But what Dawn Anderson says she wasn’t prepared for was the speed with which demand would spread across the country for perimeter snacks and refrigerated bars in general, and OHi’s products in particular.
Since expanding from Hawaii to the mainland in January 2018, OHi’s retailer distribution has increased four times to more than 1,000 stores, according to the company, which notes this mirrors the overall speed with which the refrigerated bar category is growing.
In the past five years, the refrigerated bar category has grown 56% year over year to reach more than $50 million, according to OHi. In addition, the company notes, sales of ‘perimeter snacking,’ which is the ideal facing for refrigerated bars, has grown 2.7 times faster than the rest of the store.
“When people tried to tell me what to expect, I was like, ‘Oh yeah, I got this,’” Anderson told FoodNavigator-USA. “But,” she added, “now I have a much better understanding about [what expanding to the mainland] means – it is like jumping off a cliff.”
But while Anderson was surprised at the speed with which the brand and category took off, she also said she is “super excited” to take the next plunge, which is national distribution of her top four SKUs at Sprout’s Farmers Market this month.
While the company has distributed through a handful of stores at other retailers, including Whole Foods Market, which gave it first crack at the mainland in its Southern California region, Anderson said the Sprout’s deal “is really our first national opportunity.”
The partnership also helped OHi strike a deal with KeHE Distributors and “opened up four additional distribution centers for us – so it really has expanded our reach and our opportunity.”
A multi-prong approach to sales
Better prepared this time for what the expansion will mean, Anderson said OHi will “hyper focus” on supporting its launch into Sprouts with a multi-prong campaign that she says she hopes will drive velocity and brand awareness.
The first prong will focus on in-store demos, which will not only push sales but allow the brand to tackle its top two challenges: consumer education and ensuring proper in-store placement.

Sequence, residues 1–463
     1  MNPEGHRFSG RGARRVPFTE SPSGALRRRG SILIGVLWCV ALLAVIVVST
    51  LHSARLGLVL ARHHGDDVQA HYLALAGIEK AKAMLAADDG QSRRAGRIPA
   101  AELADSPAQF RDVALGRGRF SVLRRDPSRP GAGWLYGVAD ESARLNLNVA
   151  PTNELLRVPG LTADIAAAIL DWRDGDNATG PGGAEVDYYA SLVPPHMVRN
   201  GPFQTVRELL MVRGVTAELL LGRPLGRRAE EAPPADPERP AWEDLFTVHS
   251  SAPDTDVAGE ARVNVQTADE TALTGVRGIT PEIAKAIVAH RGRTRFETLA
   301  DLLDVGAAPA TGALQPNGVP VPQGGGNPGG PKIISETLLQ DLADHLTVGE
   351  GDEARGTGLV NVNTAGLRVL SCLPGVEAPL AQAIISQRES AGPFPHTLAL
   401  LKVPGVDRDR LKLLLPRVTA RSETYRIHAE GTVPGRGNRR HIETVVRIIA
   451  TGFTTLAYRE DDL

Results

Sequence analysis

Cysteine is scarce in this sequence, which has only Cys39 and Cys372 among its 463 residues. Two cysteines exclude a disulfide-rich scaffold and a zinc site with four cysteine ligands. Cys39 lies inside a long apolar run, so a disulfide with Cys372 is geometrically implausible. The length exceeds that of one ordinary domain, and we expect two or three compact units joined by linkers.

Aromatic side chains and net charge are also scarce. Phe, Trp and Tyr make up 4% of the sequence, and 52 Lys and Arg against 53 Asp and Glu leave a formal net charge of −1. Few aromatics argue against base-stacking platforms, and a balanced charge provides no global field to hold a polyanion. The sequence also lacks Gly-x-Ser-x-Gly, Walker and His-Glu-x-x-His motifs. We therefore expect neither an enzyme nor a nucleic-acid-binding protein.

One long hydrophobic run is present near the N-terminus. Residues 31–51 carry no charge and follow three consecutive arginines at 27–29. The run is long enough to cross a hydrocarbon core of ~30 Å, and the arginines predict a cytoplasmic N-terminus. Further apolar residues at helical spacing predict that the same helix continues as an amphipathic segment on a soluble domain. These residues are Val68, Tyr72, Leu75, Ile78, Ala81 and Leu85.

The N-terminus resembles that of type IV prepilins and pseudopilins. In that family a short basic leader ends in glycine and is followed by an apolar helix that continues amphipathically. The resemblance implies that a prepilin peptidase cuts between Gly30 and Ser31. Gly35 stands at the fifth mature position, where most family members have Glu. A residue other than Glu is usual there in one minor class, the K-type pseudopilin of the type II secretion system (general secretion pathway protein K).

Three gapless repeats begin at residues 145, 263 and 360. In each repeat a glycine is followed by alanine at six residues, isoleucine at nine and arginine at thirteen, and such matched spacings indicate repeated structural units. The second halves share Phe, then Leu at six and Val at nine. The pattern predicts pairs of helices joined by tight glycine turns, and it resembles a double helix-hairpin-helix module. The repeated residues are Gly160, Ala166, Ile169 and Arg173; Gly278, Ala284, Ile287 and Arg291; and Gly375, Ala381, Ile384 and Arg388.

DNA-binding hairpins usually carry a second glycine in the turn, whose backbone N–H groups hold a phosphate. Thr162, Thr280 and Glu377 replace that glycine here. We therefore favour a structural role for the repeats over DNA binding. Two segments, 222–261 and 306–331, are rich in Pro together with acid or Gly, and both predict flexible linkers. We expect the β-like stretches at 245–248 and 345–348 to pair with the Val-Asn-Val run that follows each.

“We are not just another bar, which some consumers might think when they look at us. But we have found when someone tries are bar, we are able to gain them as a consumer because they realize the taste is so much fresher,” she said.
She also explained that demos allow her team to educate consumers about why the bars are in the refrigerated section so as to use “Mother Nature’s natural preservation of cold” rather than unfamiliar sounding preservatives that consumers are trying to avoid.
The brand will reinforce its consumer sampling program by providing store employees, buyers and other team members with samples as well, so that they can understand the bar and become brand champions, Anderson said.
Ideally, in-store sampling also happens next to where the bars are stocked – allowing the team to show consumers where to find them – a challenge that continues to hamper ongoing sales, Anderson said. She explained that she often hears from consumers that they weren’t able to find the product in stores because they were looking in the shelf-stable bar set, rather than by the yogurts, produce or in the chilled grab-and-go set, the last of which Anderson says is her ideal placement.
Another prong in Anderson’s plan is a national coupon campaign that will directly target the zip codes surrounding Sprouts’ stores so as to drive more traffic to each location.
And finally, she said, the company is rolling out a campaign that focuses on mothers and children, who are target consumers of the bars.
It takes money to make money
Because it takes money to make money, OHi currently is raising funds – half of which will cover the cost of the expansion, including the demos and marketing as well as building up supply to support velocity, Anderson said.
The other half will go towards building supply for “some larger distribution in Q1 and Q2 of next year,” Anderson added, but wouldn’t provide additional detail.
Her goal for the current raise is between $2 million and $2.5 million, which she says may not seem big compared to some of the funds raised by other food and beverage players, but it is a lot for OHi.
“A lot of growth can happen with that money – we are a lean team and when we spend money it is to support velocity so that we can build the brand, support our partners and reinvest in the company,” she said.
This will be the company’s second notable raise, the first included support from Boulder Food Group and District Ventures, which went to expanding from Hawaii to the mainland, Anderson said, adding both groups have been “incredibly supportive.”